“Soon the sciences followed Letters; the Art of writing was joined by the Art of thinking … and the major advantage of commerce with the muses began to be felt, namely of rendering men more sociable by inspiring in them the desire to please one another with works worthy of their mutual approbation.”Rousseau’s disdain is almost palpable is this passage as he describes the exercise of intellectual passions and reason as simply an act of mutually reinforcing self-gratification, rather than a pursuit or progress towards perfect knowledge. This is particularly poignant given the backdrop of the vogue of French salons. Even more important is the link between commerce and the sciences and arts. Rousseau paints them as co-conspirators, as mutually reinforcing as Voltaire and other Parisians.
Rousseau then springs his trap:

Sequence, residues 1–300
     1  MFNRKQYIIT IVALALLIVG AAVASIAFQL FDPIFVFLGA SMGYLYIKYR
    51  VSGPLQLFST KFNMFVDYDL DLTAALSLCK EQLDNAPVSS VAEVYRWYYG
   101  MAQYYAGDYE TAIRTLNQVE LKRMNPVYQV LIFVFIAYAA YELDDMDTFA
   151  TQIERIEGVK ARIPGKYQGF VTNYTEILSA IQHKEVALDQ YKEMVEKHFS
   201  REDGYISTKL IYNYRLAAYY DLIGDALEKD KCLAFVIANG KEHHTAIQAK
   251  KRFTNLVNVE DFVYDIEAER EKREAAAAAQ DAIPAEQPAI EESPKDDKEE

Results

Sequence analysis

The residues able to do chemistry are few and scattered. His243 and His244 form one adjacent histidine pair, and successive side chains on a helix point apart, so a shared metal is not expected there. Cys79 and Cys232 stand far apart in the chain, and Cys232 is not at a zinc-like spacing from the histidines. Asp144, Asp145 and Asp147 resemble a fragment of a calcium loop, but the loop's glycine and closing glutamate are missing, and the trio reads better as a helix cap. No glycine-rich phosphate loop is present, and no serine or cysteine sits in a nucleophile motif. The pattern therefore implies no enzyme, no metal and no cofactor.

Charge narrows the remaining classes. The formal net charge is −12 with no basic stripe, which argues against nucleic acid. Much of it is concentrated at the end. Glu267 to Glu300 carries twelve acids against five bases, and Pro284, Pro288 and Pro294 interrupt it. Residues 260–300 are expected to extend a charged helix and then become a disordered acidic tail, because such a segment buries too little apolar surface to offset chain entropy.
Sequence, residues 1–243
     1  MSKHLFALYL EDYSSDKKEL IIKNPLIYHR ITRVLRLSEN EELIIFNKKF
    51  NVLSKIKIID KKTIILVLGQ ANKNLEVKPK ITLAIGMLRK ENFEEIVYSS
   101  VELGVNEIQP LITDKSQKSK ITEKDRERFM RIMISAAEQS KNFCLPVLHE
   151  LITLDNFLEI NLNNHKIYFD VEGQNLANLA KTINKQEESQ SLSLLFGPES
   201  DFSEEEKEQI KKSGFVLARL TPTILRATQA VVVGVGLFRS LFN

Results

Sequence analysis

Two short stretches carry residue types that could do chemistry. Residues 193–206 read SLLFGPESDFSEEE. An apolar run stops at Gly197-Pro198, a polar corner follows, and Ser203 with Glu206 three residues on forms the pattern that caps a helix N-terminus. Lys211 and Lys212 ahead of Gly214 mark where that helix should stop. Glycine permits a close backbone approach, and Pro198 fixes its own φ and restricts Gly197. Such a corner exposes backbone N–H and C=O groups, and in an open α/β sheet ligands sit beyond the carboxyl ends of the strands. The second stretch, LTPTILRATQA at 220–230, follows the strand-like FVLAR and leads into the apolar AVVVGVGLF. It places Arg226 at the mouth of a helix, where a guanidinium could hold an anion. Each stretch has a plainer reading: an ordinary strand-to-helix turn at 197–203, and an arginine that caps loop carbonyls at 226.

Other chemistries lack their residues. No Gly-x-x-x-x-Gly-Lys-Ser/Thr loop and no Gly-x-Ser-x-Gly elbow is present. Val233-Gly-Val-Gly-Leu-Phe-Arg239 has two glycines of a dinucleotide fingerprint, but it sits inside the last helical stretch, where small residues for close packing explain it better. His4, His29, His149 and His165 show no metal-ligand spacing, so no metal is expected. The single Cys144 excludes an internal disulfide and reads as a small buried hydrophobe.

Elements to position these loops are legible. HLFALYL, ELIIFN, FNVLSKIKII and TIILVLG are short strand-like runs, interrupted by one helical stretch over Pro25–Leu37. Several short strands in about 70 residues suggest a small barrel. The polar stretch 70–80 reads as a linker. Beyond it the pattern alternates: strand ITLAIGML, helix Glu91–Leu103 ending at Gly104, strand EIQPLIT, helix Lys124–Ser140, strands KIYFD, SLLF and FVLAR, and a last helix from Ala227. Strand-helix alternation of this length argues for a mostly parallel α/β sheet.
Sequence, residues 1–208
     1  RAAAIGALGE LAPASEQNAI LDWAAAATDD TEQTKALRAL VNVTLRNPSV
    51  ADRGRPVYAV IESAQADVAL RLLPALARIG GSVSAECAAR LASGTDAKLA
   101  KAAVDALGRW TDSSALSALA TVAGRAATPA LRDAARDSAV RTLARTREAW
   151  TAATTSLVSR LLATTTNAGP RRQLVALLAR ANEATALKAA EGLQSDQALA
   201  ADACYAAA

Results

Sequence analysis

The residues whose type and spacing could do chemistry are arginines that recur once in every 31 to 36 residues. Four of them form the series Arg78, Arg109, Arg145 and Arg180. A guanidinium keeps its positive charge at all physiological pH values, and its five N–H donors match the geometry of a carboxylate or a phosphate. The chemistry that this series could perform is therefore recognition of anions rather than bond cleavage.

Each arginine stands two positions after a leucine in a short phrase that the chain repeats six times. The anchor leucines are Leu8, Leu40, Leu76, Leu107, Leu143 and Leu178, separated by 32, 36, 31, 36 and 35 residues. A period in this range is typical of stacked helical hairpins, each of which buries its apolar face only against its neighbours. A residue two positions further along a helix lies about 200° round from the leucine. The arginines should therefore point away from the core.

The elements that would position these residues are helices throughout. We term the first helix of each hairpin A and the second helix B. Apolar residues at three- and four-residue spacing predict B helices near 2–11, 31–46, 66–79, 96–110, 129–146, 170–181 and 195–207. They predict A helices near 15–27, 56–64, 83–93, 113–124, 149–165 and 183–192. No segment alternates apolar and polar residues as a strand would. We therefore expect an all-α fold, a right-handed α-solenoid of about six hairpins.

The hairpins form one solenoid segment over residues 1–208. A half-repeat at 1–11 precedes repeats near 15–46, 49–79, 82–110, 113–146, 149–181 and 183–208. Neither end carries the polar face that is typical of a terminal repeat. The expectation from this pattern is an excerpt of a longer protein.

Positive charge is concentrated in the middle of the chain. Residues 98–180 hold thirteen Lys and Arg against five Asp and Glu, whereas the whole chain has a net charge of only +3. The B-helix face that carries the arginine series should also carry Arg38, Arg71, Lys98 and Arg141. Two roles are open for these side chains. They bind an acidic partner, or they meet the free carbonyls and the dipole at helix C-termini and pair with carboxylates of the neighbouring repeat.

“While the Government and the Laws see to the safety and the well-being of men assembled, the Sciences, Letters, and Arts, less despotic and perhaps more powerful, spread garlands of flowers over the iron chains with which they are laden, throttle in them the sentiment of that original freedom for which they seemed born, make them love their slavery, and fashion them into what is called civilized peoples. Need raised up Thrones; the Sciences and Arts have made them strong.”This beautiful passage contains two very important points about cultural primitivism: 1) the sciences, arts, and commerce (which were linked intrinsically in the passage before) stifle the freedom and virtue of the primitive and 2) some restrictions are necessary.